Health Care and the Economy: 2007 Revisited

Nearly a decade ago, the Russian River Times published an article on health care, which we have re-published below, in which we looked at the state of US health care using facts and analysis from The World Economic Forum, CRS Report to Congress ‘US Health Care Spending: Comparison with Other OEDC Countries’ and references from a 2005 article in ‘Health Affairs’ entitled ‘Illness and Injury as Contributors to Bankruptcy’.   Then Harvard Professor, now Senator Elizabeth Warren was one of the authors.   Keep in mind that this article was written at the same time as the sub-prime mortgage debacle and the start of the ‘Great Recession of 2008’.  Now, Congress is juggling something that impacts even more people and as much as 16.6% of Gross Domestic Product with little if any consideration of the facts and history, which we can look at thanks to the Kaiser Foundation.  Medical Bankruptcies?  Pre- Existing Conditions?  Unrestrained insurance companies? What can possibly go wrong?  Here’s the article.

Author: John Hulls


OH, CANADA:  Medical bankruptcy affect 2 million people per year in US…in Canada… ZERO

Do health care and banking statistics describe our government? The World Economic Forum Competitive Report assesses the twelve critical factors influencing business, ranging from quality of government, education, infrastructure, and health to finance, including bank stability. The stability table lists Canada first, the U.S. in 40th place, tied with Lithuania, Botswana and, surprisingly, Germany. In life expectancy, Canada ranks 5th, while the US ranks 29th.  Does this mean that there is a direct correlation between the quality of a country’s banking system and the quality of its citizen’s health care? Maybe, but consider the stats on education and other factors that improve the citizen well being and you find solid indications that a country that runs its banking, educational and financial systems in a stable manner to benefit its individual rather than corporate citizens is more likely to produce an effective health care plan that gives greater longevity and better health outcomes at lower cost.

Another major source of information on the health care issue is the Congressional Research Service 2007 report for Congress entitled ‘U.S. health-care costs: Comparisons with other OECD Countries.’ It is clear that participants at the recent ‘town hall’ meetings, (including some members of Congress) have not familiarized themselves with the information in this document, an impartial comparison of the current U.S. system. Most striking is Figure 1 on p.3, showing the relative spending of each country, and how much is public vs. private: 44.7% of health care costs in the U.S. are federally funded, vs. 69.8% in Canada. Figure 1 shows the huge percentage of costs associated with private payments in the United States. Figure 20, equally graphically shows why. The U.S. is second on health administration and insurance costs per capita at well over four times the OECD average of $104, and dwarfs the Canadian costs of $131.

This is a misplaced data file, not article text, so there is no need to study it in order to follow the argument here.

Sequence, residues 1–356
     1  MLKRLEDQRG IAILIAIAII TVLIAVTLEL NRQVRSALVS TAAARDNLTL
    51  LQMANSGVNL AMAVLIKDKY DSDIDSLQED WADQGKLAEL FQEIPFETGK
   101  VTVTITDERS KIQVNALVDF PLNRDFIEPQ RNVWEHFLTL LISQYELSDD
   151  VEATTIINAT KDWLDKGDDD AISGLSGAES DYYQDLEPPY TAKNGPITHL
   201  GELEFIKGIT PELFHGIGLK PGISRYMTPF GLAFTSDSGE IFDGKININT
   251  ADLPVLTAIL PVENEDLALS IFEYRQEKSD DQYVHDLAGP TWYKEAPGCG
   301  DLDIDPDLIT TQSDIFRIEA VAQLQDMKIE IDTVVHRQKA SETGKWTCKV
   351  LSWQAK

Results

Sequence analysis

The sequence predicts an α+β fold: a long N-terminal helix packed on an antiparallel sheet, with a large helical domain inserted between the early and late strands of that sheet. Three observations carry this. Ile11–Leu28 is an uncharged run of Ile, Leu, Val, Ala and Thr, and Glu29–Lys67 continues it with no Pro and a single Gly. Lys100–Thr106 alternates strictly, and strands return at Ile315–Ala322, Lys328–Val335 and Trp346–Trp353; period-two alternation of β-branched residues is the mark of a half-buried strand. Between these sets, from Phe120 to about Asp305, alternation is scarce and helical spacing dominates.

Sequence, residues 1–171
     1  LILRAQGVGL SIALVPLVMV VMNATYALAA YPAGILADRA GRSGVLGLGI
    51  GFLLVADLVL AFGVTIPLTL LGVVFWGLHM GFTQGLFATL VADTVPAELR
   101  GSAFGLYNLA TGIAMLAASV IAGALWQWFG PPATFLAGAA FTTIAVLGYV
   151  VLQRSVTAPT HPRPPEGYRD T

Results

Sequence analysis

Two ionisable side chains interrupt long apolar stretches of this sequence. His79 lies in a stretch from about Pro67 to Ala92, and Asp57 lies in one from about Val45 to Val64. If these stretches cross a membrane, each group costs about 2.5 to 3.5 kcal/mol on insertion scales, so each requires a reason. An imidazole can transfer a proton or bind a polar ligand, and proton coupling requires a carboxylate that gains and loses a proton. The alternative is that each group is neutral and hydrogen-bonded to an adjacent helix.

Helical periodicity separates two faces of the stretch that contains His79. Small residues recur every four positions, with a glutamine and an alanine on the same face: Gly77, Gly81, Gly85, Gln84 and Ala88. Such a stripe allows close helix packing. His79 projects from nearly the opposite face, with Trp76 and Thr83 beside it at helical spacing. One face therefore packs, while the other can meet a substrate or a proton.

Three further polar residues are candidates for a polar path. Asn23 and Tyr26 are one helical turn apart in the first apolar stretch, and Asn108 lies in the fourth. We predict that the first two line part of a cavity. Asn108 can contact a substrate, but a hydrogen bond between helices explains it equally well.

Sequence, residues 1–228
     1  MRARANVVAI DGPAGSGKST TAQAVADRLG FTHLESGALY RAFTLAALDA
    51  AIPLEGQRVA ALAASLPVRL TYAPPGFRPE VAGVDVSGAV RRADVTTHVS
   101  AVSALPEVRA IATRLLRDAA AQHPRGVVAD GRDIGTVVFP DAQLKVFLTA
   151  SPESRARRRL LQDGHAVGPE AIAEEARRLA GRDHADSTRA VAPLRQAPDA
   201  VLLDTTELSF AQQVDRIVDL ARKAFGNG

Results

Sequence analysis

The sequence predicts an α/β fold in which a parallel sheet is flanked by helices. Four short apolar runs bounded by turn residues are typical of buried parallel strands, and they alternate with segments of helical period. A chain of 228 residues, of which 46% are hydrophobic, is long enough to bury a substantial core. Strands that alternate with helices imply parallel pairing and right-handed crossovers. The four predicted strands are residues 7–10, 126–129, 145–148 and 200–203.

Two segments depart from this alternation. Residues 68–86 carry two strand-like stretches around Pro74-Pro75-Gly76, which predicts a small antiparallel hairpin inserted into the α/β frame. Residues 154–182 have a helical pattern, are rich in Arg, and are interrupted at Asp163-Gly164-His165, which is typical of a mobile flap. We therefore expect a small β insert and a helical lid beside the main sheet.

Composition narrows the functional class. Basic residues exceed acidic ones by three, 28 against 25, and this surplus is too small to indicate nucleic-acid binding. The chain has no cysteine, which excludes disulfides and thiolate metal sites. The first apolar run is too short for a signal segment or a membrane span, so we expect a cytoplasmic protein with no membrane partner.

Perhaps the anti-health-reform town hall participants can identify at which point the level of federal expenditures justifies scribbling Hitler mustaches on pictures of national leaders, or Grassley and his fellow Republicans could point out where 44.7% federal health funding (U.S.) and 69.8% (Canada), the whole thing breaks down and becomes socialism and Marxism. The problem is not Granny getting unplugged by the federal government but getting Moms and Dads and children getting plugged into good health care. The most telling statistic? People and their dependents forced into bankruptcy by medical costs.

Canada-0, Great Britain–0, Japan-0 France-0 (the list goes on)

United States- 2 million per year, including 700,000 children.

Want to know how well private insurance worked? 75% of the people filing bankruptcy had health insurance at the start of the illness that caused the bankruptcy. The Harvard Medical School article, published in Health Affairs cites the early Romans law allowing creditors to sell debtors piece by piece in the public market if they couldn’t pay their bills. Our government seems to have dropped this idea for Wall Street and the financial community, perhaps the cause of our lousy bank-stability rating, while keeping laws almost as harsh for its citizens struck by catastrophic illness.

Health admin and ins. costs

Health Care Spending per capita 2004






About russianrivertimes

Northern California's Alternative Uncensored Newspaper
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